To be sure, porn use is permeated with a sense of the forbidden that triggers intense emotion, but as therapists, we need to understand it on a case-by-case basis and be careful to separate our own biases from our clients' needs. To begin to see porn in a more normalizing light, it can be helpful to understand the ways in which porn can be incorporated into a relationship without secretiveness or shame.

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4 comments:

Brendan said...

Perhaps it comes down to the need to address childhood conditioning and its impact on guilt associated with sexuality and porn. I'm not a psychologist, but I would think that people ashamed of admitting to enjoying porn, do so because of a fundamental conditioning that sex and sexuality should be confined to marital relationships, procreation, and its religious restrictions which stem from an education received during critical formative years. I also feel that men and women just don't understand each other enough. Women will always seem to feel inadequate if a man looks for sexual gratification (porn included) which doesn't include them. And men will continue to feel guilt associated with the desire for new sexual experiences which don't involve their partners. Will we ever get it right? Probably not.

annod said...

Although I believe in the first amendment, freedom of expression, I suggest that couples or individuals explore their fascination with porn.

I find it difficult to believe that all porn actors are proud participants. Who would be proud of their daughter or niece or wife, if this is her career??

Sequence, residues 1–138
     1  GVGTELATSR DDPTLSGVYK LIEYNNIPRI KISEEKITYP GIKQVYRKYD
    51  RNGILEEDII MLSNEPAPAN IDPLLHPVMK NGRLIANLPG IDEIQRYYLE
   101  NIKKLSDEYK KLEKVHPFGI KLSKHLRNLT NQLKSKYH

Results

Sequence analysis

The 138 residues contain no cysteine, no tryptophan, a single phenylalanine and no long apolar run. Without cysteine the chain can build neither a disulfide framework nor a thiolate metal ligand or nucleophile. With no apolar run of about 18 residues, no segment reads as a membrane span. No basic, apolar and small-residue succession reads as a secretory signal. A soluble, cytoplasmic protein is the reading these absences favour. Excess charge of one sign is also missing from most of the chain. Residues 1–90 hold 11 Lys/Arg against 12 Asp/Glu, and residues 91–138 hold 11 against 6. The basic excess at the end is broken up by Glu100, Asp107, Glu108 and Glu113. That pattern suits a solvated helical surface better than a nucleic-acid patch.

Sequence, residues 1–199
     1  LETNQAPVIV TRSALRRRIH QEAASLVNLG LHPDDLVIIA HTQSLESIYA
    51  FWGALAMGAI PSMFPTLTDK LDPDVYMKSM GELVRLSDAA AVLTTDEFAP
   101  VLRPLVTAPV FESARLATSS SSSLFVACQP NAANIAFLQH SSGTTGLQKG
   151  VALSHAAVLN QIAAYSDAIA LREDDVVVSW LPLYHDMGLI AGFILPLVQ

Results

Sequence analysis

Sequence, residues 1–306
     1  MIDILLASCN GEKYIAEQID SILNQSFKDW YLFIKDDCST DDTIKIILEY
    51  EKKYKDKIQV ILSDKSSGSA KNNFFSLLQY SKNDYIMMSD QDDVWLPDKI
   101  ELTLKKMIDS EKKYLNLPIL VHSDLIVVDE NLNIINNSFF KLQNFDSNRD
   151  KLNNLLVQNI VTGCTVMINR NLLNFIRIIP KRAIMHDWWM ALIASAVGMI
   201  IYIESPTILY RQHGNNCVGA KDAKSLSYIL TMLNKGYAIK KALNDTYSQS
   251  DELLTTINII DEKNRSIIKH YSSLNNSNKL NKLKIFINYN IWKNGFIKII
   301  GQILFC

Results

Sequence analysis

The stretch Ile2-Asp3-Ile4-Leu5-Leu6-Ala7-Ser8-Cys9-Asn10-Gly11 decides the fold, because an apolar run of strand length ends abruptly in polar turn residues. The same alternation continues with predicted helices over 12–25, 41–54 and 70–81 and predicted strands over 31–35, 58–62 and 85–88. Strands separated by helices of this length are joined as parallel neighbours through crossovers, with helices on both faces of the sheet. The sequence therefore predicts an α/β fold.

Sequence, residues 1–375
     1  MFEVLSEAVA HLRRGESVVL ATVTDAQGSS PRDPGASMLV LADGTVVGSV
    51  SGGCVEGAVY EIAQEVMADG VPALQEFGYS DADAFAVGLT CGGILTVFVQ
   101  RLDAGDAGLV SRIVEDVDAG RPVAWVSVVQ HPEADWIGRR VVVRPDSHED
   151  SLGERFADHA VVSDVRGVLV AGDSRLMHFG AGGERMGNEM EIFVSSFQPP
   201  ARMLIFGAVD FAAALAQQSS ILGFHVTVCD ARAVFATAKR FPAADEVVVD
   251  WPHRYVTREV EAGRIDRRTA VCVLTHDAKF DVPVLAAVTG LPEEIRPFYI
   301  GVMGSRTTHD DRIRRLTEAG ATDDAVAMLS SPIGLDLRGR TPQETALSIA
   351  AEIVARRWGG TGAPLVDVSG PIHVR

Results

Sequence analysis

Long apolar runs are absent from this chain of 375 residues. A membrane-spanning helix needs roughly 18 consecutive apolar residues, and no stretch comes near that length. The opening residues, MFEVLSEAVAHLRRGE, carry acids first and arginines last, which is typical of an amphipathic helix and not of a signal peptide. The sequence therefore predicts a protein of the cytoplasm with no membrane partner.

The sensationalism, along with incredible expectations, seems to cloud the beauty and satisfaction about sex. Their is nothing intimate about porn. Yet it is typically a private intimacy between two adults. There is an element of deep contact, even in one time stands, that gets pulled apart by pornography.

Where is the playfulness, adventure and sizzling sex when he has had hours of on line sex? This slice of the entertainment business seems to turn its back on the fantastic moments the private sex can bring. Exploring, seducing, stimulating, sex toys can bring new elements into the act of intercourse or other forms of sexual expression. Seems as phony as the wealthy ministers with their big congregations and money making schemes.

Some things are much better left in privacy.

Dr. John Beiter said...

Thanks Joe for addressing a highly debated and polarizing subject such as obsessive compulsive behavior regarding electronically digitized sexual images on the Internet as portrayed through a plastic or glass screen. I thought your presentation was professional, insightful. sensitive and respectful of those involved. I really enjoyed the questions you posed and how as therapists we need to look at their impact on our own attitudes when working with clients who present with just such issues and concerns. Again thanks for your courageous efforts in opening the dialogue for us to learn from.

Dr. John Beiter said...